Orthokeratology Morrice Michigan 48857

Orthokeratology Facts For Non Surgical Vision Correction In Morrice MI

Orthokeratology is a non-surgical procedure utilizing specifically developed contact lenses to carefully change the curvature of your eyes to make you see much better. Orthokeratology is likewise well known by a few different names, the most common being ortho k, while some others include corneal refractive therapy, CRT, accelerated over night orthokeratology and corneal reshaping treatment. In the most standard of terms Orthokeratology or Ortho K is the science of altering the curvature or shape of the clear front part of the eye, the cornea, to alter how light is focused on the retina at the back of your eyes.

This is a non-surgical treatment that gets rid of the need for glasses or daytime contact lenses. It enhances vision by carefully molding the shape of your eyes utilizing specially designed therapeutic contact lenses. The way that this works is that you just put specifically fitted contact lenses in at bedtime, when you awake, you will have clear natural vision for the rest of your waking hours.

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This safe and effective treatment can correct near-sightedness, which is likewise known as myopia, astigmatism and in some cases farsightedness. It is a great alternative to LASIK for those who don’t desire the danger or are not ready for surgery
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Think about the cornea as the eye’s equivalent of a watch crystal. It is a clear, dome shaped structure that overlies the colored iris. Its tissue is most much like clear, wet skin; and like skin it is really pliable. Since the cornea separates the eye from air and the rest of the outside world and because it has a curvature that bends light towards the back of the eye, it is responsible for most of the eye’s corrective power and contributes to various conditions such as nearsightedness (myopia), farsightedness (hyperopia), and the blur of astigmatism.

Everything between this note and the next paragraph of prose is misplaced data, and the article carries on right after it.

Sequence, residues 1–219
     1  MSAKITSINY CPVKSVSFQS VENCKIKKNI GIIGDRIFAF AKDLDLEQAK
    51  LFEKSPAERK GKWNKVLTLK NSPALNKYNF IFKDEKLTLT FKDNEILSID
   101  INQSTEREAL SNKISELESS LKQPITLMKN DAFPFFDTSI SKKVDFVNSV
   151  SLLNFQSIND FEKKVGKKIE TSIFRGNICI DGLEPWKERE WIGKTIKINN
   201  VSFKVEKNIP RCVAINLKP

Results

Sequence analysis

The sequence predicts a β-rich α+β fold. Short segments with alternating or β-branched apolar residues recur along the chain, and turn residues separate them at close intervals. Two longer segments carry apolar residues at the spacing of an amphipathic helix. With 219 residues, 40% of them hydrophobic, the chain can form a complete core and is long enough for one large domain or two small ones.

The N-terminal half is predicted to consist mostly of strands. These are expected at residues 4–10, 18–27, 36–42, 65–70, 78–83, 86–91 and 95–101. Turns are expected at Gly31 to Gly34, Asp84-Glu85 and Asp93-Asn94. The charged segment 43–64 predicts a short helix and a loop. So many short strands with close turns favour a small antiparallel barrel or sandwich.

Ortho-K 48857

When you select Ortho-k a few key tests need to be carried out. Chief amongst these tests is the decision that your eyes are healthy. Your orthokeratology doctor will more than likely be an Eye doctor with specialized training in the area of corneal reshaping. She or he will take a look at the retina as well as the health of the front part of the eye and the within the eye. The other essential procedure is the mapping of your cornea. To do this an instrument called a corneal topographer is used. Similar to a topographical map of the United States shows mountains and valleys and subtle changes in elevation; the topography of the eye reveals your doctor exactly how your cornea is formed. The info from your corneal mapping plus the accurate measurement of the size of your cornea and the prescription needed to restore your vision are all used to design the retainer lenses (corneal molds) needed to give you the Ortho-k effect.

On the day you get your Ortho-k retainer lenses you will be advised in ways to insert, remove, and properly take care of your vision retainers. The fit of your retainers will be assessed and you will be scheduled to be seen after your first night of wear. On day 1, your doctor will re-evaluate your fit and newly remedied vision and another mapping of your cornea will be carried out.

Throughout your initial fitting period, your eye doctor will monitor your corneal health and the effectiveness of treatment. At specific times your retainer lens fit may be customized to accomplish your goals.

Morrice Ortho K Contacts

Orthokeratology can produce lead to a remarkably brief amount of time. The length of treatment to accomplish your goals can differ from person to person and will rely on a variety of elements including your prescription, the amount and quality of your tear production, your expectations and also something called corneal rigidness.

We recommend patients that they may need to wear their retainers every night to maintain their newly fixed vision. Some patients are able to reduce their wearing schedule so that they only have to wear their lenses as little as every two to 4 nights. The reason for this is because of the flexibility or (rigidness) of your cornea.